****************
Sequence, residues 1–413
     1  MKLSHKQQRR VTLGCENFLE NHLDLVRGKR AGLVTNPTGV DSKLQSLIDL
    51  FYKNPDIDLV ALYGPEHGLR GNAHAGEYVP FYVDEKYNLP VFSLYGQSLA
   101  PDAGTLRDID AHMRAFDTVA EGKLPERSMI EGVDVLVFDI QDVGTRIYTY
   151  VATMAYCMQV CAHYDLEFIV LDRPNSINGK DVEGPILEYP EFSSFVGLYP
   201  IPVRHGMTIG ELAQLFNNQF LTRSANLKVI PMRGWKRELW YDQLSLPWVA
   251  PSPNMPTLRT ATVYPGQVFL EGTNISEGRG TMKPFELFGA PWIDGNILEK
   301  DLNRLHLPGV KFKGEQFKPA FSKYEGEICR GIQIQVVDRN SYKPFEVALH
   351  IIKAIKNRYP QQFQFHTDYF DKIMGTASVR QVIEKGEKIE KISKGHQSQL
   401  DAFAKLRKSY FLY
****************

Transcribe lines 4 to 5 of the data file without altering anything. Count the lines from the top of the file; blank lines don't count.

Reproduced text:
   101  PDAGTLRDID AHMRAFDTVA EGKLPERSMI EGVDVLVFDI QDVGTRIYTY
   151  VATMAYCMQV CAHYDLEFIV LDRPNSINGK DVEGPILEYP EFSSFVGLYP